Integrated crop pollination may be key to success with many Michigan crops
An international study revealing the importance of wild pollinators for production of fruits and vegetables is providing new insights that may help improve Michigan’s pollination-dependent crops. Those crops, including blueberries, raspberries, apples, cherries and pickling cucumbers, have a farm-gate value of more than $400 million* each year and add significantly to the state’s economy.
The research team, including MSU AgBioResearch entomologist Rufus Isaacs, found that fruit set – the proportion of flowers turning into nuts or fruits – was considerably lower in sites with few wild insects visiting the crop flowers. Therefore, losses of wild insects from landscapes will likely have negative effects on both natural biodiversity and agricultural harvests. The study involved 50 researchers with data from farms in 20 countries and 41 crop systems around the world. The results of the study, by Lucas Garibaldi and his co-authors, appeared in Science Express on Feb. 28, 2013.
“The results highlight that we should be exploring a diversity of approaches to support pollination in these crops, such as building wild bee populations on farms and bringing in alternative managed bees that can complement honeybees to help ensure that crops reach their yield potential,” explained Isaacs, a professor in the MSU Department of Entomology. He pointed out that many wild bee species visit Michigan’s orchards and fields, but the majority of the pollination work is done by honeybees brought by beekeepers and rented to growers in the spring and summer to pollinate crops.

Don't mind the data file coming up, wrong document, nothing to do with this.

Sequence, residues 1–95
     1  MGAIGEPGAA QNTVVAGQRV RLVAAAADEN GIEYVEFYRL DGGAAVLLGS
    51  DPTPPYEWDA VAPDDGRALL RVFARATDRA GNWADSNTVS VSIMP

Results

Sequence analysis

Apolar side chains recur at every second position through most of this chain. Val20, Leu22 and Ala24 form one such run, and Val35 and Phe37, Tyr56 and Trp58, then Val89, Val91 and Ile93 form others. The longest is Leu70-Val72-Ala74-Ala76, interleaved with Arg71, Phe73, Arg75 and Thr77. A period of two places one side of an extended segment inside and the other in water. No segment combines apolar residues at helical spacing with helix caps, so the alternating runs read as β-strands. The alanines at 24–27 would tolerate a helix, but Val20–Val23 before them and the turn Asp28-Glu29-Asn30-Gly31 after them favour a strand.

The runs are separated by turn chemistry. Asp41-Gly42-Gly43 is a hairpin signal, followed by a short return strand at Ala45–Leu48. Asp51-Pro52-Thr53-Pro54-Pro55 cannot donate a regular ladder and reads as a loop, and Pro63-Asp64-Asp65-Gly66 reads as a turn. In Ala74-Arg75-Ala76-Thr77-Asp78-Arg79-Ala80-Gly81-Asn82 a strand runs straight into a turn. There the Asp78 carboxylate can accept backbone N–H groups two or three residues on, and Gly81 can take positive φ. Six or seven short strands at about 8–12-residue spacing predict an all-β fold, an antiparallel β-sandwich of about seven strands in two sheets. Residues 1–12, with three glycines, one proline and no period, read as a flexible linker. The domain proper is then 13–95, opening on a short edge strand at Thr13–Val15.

“This study suggests a strong benefit for conserving wild bees because their abundance was strongly correlated with fruit set in the many studies represented in this analysis,” Isaacs said.
“Their abundance is often low on farms, however, and we are interested in finding ways to enhance wild bees through simple practices that growers can adapt to their farm situations.”
Isaacs is heading a new, nationwide integrated crop pollination project, funded by a $1.6 million grant from the Specialty Crops Research Initiative of the U.S. Department of Agriculture, which will make use of the results from the international study. In Michigan, Isaacs is working with Larry Gut, MSU professor of entomology and AgBioResearch scientist, and Nikki Rothwell, coordinator of the Northwest Michigan Horticultural Research Center and a district Extension horticulture educator, to test integrated approaches at blueberry, apple and cherry farms.
“The approach of the integrated crop pollination project is analogous to that of integrated pest management, in that we aim to provide decision support tools to reduce risk and improve returns for growers through the use of multiple tactics tailored to specific crops and situations,” Isaacs explained.
The team will investigate bees visiting fruit orchards and fields on Michigan farms and will compare fields that are managed using honeybees alone, adding bumble bees or blue orchard bees, or adding specialized habitat for wild bees. He hopes that the new project will improve sustainability of U.S. specialty crops and thereby help ensure the continued ability of growers to reap profitable returns from their land.
*According to Michigan Agriculture Statistics
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